DaSh 1s wrote:This is a spot where I highly disagree.
Cano’s Home/Away Slugging
Pedroia’s Home/Away Slugging
Pedroia’s career SLG Home/Away (.505/.406) 99 point variance, while Cano’s career Home/Away (.480/.479) 1 point variance.
Without a doubt, I am more sold on Cano’s raw power than Dustin’s. Dustin has proven that most of his extra base hits have been a product of Fenway park and the variance in his numbers are pretty telling from year to year. Cano’s raw power has been improving year to year and it hasn’t been a pure product of new Yankee stadium (14 Home HRs 11 Road HRs 2009). It’s without a doubt, Cano “should” hit more homers than Pedroia, and the parity will be greater than 2-5, IMO. Pedroia’s road SLG is just is not enough to keep up with Robbie’s and he should pull away with that category hands down.
The split severity for Pedroia is interesting, but to roto leaguers, means very little as long as he continues to slug the hell out of the ball at home and post a solid final line. For those in H2H leagues, it is certainly something to note. I'm not sure what Cano having more "raw power," has to do with anything here. His HR/FB rate was a career high last year and a steep jump from the previous season. He is entering the prime power years of his career in all likelihood, but given the huge disparity between his HR/FB rate in 2008 and 2009, I'm not ready to annoint him a perennial 20+ HR hitter. He clearly displayed that he is capable of doing it last year, but maybe last year was the ceiling, I honestly don't know.
DaSh 1s wrote:I used OPS+ to measure the overall production of the two players, since it would be pretty hard to compare a lead off hitter to a number 7 hitter. But the matter I, Cano scored 12 less runs batting 7th than Pedroia did batting leadoff/2 hole? The Red Sox were not as good as the Yankee offense last year, Walked Less, Struck Out More, Scored Less, and SLGed Less, and hit 30 less homers. There were simply lesss opportunities to score in the Red Sox lineup. Key Losses, to both sides (Bay, Matsui). Without Bay (or another impact hitter) means less runs for Pedroia, and without Matsui, Cano now becomes the Left Handed hitter behind A-Rod to complete Girardi’s emphasis of L/R splits in his lineup
A lot of presumption in this quote. Neither team has officially lost any of the players in question. In fact, I would argue it is likely that both the Yankees and Red Sox will either retain the services of their sluggers, or replace one of them with Holliday. The Yankees should be expected to cut ties with either Matsui or Damon, but not necessarily both. The Red Sox could certainly re-sign Bay, or make a play for Holliday (I'll add that the Yankees could let both Matsui and Damon both leave and make a play for Holliday as well). I also find it interesting that you point to the Yankees lineup strength but don't point out the fact that it could prevent Cano from hitting in the heart of the order so to speak. Pedroia will clearly hit in the 2 spot for the Red Sox, Robinson Cano will clearly NOT hit in the 3 or 4 spot, and if the Yankees were to retain the services of Matsui or sign Holliday wouldn't hit in the 5 spot either. Even if Matsui isn't re-signed, and Holliday doesn't land in NY, you alluded to the possibility of Posada hitting 5, in all honesty, the Yankees stacked lineup could hinder Cano to some degree (namely if he hits lower in the lineup, he'll receive less AB's then Pedroia, there are obvious benefits to having a stacked lineup as he'll likely see guys on base when he is at the dish). I also think in Pedroia's case the Red Sox lineup depth isn't as important. If Ellsbury proves to be a capable leadoff hitter and the Red Sox either retain Bay or sign Holliday, he'll have V-Mart, Youkilis and Bay/Holliday hitting behind him, which means he will still get his runs scored. Also, remember it isn't completely out of the question the Red Sox make a big splash and go after Adrian Gonzalez, they were rumored to be a suitor at the trade deadline, and if they are trully pulling out of the Halladay sweepstakes, they could move on to him as a target.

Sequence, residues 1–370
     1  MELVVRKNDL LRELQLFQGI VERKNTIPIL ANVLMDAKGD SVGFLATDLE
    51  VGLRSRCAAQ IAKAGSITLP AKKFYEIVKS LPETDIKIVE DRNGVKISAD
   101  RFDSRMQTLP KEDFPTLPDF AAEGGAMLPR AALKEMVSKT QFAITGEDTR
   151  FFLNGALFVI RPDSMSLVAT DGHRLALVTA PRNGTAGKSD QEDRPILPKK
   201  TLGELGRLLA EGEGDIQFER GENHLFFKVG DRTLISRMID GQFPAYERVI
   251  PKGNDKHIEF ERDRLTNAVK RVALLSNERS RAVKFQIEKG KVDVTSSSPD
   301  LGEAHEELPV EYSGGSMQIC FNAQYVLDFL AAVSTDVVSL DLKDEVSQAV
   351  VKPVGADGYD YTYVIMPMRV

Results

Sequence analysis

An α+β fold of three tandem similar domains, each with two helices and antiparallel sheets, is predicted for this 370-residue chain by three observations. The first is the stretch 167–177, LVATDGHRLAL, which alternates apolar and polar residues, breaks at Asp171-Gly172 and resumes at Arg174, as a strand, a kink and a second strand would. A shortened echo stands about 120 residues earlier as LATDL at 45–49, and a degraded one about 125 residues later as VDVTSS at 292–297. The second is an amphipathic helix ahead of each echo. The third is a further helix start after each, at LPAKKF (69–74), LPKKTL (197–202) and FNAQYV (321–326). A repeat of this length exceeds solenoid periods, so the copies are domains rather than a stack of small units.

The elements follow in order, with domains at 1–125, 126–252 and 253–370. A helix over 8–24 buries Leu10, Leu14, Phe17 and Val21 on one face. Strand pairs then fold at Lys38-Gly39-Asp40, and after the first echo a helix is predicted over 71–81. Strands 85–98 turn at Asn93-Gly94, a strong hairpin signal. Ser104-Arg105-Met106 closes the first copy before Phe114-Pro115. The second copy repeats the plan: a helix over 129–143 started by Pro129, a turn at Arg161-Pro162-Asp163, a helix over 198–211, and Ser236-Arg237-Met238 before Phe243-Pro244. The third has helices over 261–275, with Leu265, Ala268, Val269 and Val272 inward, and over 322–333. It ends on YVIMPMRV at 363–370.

DaSh 1s wrote:It leaves the count 3 cats to 2 cats but your dismissing the fact that there should be a noticeable gap in two of those categories. Robbie has been way more consistent with his SLG percentages and should take the Home Run category.
Pedroia logged 72 RBIs while hitting .327/.418/.440 RISP in 2009 and Robbie had 85 RBIs despite 207/242/332 RISP in 2009. Despite dwarfing Cano in all the ratios how the heck did Cano manage to produce more RBI’s than Pedroia? Who has a better chance at outperforming there ratios next year? Mind you with Matsui gone, Cano likely will be hitting 5th against RHP this season. Not sure if Girardi will use Posada in the 5 hole against LHP yet?
Given the slight difference in runs, and about ~15 more SB, I feel safer assuming Cano should out produce Pedroia significantly in RBIs and HR. And largely I am more convinced Cano’s BA hasn’t been driving by his BABIP, as much as Dusty’s has.
Don’t get me wrong. Both players are premiere 2B and will produce accordingly, I am just going to hedge my bets on Cano this season because I think the difference in RBI and HR total will give him greater value then the minimal Run Difference and the extra bags.